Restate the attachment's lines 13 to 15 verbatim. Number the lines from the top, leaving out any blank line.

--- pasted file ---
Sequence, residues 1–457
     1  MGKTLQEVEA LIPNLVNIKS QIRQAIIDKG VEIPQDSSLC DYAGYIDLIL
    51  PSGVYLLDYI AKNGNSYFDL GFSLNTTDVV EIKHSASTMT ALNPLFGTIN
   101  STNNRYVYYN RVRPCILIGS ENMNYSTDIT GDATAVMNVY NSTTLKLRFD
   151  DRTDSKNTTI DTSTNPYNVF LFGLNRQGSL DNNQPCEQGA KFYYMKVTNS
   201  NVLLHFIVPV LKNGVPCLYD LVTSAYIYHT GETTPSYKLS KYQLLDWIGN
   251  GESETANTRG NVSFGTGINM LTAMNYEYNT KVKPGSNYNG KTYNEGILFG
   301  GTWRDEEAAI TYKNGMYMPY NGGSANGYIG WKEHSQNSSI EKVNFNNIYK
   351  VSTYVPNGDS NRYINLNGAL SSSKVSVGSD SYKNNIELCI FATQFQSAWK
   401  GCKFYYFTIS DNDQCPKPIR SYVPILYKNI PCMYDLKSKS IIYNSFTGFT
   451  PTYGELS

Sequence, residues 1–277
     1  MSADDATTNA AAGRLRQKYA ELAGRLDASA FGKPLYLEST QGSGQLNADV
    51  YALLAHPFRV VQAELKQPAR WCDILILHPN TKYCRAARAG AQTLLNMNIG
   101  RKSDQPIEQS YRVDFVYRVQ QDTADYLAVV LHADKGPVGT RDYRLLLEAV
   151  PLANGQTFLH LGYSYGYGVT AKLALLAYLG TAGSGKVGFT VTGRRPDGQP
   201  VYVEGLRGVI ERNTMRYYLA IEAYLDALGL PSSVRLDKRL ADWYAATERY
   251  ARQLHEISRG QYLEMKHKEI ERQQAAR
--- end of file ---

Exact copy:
     1  MSADDATTNA AAGRLRQKYA ELAGRLDASA FGKPLYLEST QGSGQLNADV
    51  YALLAHPFRV VQAELKQPAR WCDILILHPN TKYCRAARAG AQTLLNMNIG
   101  RKSDQPIEQS YRVDFVYRVQ QDTADYLAVV LHADKGPVGT RDYRLLLEAV